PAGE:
Evolving tastes in what we eat
Blumenthal plays effectively with the concept of combining heritage and experimental, reviving medieval dishes and historical inspiration and ideas, using hi-tech methods to bring them to the table.
I do not doubt the desire of modernist chefs to provide theatre for their diners, though in the wrong hands this wizardry can go horribly wrong. When an apple crumble comes in a cloud of dry ice and the waiter sprays a squirt of perfume up your nose that contains the “nature identical” (artificial) scent of windfalls while recorded orchard birdsong tweets on a loop, it’s not entertaining; it is distracting and irrelevant.
This is also a highly enlightening book on how the food industry can deceive a consumer’s response to processed food. Food technology is nothing new; there are hundreds of artificial processing aids.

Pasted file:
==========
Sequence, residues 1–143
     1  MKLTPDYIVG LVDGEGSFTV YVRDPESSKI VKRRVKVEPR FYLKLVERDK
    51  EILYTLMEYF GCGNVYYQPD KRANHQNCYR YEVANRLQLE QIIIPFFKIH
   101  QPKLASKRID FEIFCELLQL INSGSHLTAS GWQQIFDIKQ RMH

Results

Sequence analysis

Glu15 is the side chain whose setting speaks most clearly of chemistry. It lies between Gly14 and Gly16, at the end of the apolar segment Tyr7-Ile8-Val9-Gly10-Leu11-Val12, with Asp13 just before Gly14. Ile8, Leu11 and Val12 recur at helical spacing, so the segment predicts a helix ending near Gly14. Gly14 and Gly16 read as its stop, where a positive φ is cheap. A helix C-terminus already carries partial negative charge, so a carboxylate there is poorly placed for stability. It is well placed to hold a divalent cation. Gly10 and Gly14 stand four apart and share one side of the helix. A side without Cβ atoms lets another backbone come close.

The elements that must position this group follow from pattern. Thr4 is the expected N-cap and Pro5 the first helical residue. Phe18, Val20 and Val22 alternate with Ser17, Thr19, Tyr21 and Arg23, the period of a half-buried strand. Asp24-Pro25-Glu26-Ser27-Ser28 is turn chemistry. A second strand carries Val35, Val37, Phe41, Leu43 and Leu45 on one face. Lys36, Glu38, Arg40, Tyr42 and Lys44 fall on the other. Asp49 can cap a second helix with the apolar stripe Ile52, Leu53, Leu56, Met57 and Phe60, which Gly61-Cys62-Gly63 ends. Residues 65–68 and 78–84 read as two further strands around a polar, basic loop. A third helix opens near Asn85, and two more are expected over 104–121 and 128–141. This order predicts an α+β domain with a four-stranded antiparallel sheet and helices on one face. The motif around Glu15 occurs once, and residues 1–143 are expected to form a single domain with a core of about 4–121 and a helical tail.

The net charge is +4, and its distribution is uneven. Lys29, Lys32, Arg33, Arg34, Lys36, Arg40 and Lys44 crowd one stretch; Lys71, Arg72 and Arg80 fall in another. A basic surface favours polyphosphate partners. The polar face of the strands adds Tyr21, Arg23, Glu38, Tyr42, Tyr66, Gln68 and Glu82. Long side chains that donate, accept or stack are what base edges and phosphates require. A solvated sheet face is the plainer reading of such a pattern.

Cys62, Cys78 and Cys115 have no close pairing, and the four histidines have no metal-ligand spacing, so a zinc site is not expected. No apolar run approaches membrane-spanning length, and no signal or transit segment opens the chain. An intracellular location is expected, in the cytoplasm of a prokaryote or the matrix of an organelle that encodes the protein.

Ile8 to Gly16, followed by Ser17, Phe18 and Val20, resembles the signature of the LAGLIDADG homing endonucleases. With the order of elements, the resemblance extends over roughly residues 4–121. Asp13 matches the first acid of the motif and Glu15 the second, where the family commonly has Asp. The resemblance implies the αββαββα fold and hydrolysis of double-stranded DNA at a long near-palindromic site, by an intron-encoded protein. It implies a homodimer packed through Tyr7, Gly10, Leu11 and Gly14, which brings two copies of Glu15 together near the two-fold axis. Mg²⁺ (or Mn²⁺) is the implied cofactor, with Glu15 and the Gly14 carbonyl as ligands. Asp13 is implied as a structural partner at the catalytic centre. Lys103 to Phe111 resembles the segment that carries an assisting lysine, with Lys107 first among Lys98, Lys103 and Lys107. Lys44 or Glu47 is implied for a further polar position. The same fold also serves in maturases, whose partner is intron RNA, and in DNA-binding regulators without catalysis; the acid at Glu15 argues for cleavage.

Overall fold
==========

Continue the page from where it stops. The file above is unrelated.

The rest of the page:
But now the food and hospitality industry is discovering how to play on our senses, not just in obvious ways, using aroma or changing mouthfeel, but understanding visual response to the shapes of graphics on labels or how the background colour of a package influences flavour, making the contents seem sweeter.
In one experiment, Spence dishes up rabbit at one of his “lab dinners”, giving diners cutlery with rabbit fur wrapped around the handles: “Sitting around the dining table, we all tentatively held the soft furry skin in our ‘paws’, the faint aroma of the animal emanating from our hands … straight away everyone had a much greater awareness of where our dinner had really come from.”
You’d hope a bunch of scientists do know where rabbits come from, but I can see this kind of work being valuable in the education of children and in encouraging the search for a sustainable food supply. Gastrophysics may change mindsets towards the value of eating insects, for example.
But the shifting world of gastronomy no doubt will soon see cheffing enter another phase, and I do not mind if it is single sensory — that is, the food tastes good. Anything between decent and exquisitely executed is fine by me. Never mind the sound effects, I’ll just cry with joy if the fish is fresh. is a food writer and former chef.
British chef Heston Blumenthal is in the vanguard of ‘experiential dining’